UFC founder Art Davie burst onto the martial arts scene, along with his partner Rorion Gracie, as a complete mystery. Davie had no experience as a fight promoter, and his new “Ultimate Fighting Championship” event? It broke every rule – even boasting in its marketing, “There Are No Rules!”
No one knew if it was even real.
But those days are gone, forever. After some lean times, fans in the US (and beyond) have flocked in huge numbers in recent years to UFC events, and there’s no end in sight.
It’s a multi-billion dollar business, this growing sport of mixed martial arts — accepted by the states’ athletic commissions (increasingly), and the mainstream media outlets (even more increasingly); featured on cable and even network television, with live bouts and season after season of UFC’s The Ultimate Fighter reality show.
But do fans know how it all began, more than 20 years ago?
Do they know what an outlaw movement it once was, in the US?
It was real, and the $14.95 pay-per-view broadcast (yep, those days are gone forever too — this weekend’s UFC 175 will set you back $54.95) that night in 1993 would change the martial arts world, and later change the worldwide sport landscape.
Davie tells his side of the story of that first UFC in a new book, Is This Legal? The Inside Story of the First UFC From The Man Who Created It.
No matter who you are – one of the new fans from the recent boom, or one of us who enjoyed the first UFC Pay-Per-View broadcasts and VHS releases in the 1990’s – Mr. Davie has a new story or two for you.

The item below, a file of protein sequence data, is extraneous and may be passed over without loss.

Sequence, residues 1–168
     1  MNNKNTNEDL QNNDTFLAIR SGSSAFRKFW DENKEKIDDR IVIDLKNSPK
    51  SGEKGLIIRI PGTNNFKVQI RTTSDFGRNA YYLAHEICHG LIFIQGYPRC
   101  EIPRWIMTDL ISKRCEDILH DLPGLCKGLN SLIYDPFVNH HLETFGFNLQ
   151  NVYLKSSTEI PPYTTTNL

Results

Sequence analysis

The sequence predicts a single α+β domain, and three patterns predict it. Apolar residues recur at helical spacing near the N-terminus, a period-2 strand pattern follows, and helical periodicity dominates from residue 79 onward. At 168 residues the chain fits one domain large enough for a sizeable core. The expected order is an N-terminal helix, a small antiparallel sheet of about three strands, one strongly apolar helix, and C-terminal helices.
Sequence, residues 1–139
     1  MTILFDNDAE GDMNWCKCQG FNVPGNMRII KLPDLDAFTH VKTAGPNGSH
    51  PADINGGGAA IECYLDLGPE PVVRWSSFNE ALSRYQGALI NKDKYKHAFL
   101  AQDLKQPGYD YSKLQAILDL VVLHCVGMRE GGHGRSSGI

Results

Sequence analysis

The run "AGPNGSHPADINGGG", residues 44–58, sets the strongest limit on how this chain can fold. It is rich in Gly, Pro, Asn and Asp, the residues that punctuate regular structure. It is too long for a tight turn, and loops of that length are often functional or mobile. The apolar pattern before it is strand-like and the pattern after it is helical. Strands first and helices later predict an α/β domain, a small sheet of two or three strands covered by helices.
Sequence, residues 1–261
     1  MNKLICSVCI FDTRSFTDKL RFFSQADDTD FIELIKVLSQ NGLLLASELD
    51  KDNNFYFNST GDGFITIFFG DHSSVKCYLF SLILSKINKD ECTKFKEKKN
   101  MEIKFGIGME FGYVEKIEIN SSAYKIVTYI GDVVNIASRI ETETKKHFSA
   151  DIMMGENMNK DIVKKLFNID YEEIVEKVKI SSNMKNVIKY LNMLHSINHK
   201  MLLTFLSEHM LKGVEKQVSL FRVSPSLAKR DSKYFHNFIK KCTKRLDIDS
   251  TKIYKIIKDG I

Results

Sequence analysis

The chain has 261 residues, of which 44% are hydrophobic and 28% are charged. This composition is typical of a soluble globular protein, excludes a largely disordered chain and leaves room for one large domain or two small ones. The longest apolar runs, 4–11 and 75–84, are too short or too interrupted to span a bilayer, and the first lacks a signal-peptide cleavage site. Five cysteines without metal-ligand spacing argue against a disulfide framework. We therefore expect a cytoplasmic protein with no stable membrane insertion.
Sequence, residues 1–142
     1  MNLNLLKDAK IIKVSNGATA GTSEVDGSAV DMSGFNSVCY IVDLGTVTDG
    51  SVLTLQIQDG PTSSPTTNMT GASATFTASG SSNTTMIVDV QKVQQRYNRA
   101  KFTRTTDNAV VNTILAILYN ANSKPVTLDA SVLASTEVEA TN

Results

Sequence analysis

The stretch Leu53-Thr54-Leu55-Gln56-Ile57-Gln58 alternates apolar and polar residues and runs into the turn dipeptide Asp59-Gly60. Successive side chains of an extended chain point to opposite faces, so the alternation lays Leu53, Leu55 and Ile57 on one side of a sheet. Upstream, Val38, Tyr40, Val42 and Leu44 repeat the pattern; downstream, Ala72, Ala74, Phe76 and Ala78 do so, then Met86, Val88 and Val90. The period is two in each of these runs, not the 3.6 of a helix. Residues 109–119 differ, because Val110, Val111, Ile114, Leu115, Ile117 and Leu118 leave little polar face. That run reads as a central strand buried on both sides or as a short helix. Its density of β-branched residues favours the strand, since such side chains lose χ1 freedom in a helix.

Davie’s own story offers a few surprises. Per Mr. Davie, the research which went into the first UFC was much more expansive than one might expect. Davie even touches on the differences between the Gracie family style and the Fadda tradition of Brazilian jiu-jitsu, and his efforts to attract the likes of kickboxer Peter Aerts and wrestler Dan Gable to that first UFC event.
Davie reveals how tumultuous relationships in the Gracie family, and the very different motivations of his partner Rorion, would affect the product. We enjoy visits with almost everyone who’s anyone in the martial arts game, including Chuck Norris — in fact, a conversation between Norris and Davie is the origin of the book’s title.
After all the twists and turns, the show itself, now known as UFC 1, serves as climax. Last minute maneuvering with the UFC’s first television partner, SEG, continued to the very last minute. It seems nothing comes easy for the rogue band Davie led.
“Is This Legal?” has a breezy, conversational style and its 260 pages just fly right by. Sure, that’s partly because of that limited length (and a huge font besides). You might say it feels more like one great conversation. A reader should have no problem getting drawn in by Davie, who came to the fight game from the advertising world, selling his wares here. It’s easy to imagine the Brooklyn native telling this unique success story in his gravelly promoter’s voice, in between sips of single malt Scotch and long puffs from his cigar.
It’s a story that is told well, but is most enjoyable because it really hadn’t been told yet. Here’s a guy who you just can’t write out of the history books, offering a chance to enjoy – essentially — his part in the genesis of North American MMA.
Recommendation here? Pick it up today. You’ll snap right through it and have at least one frame of reference (with an index) for how this great sport came to be.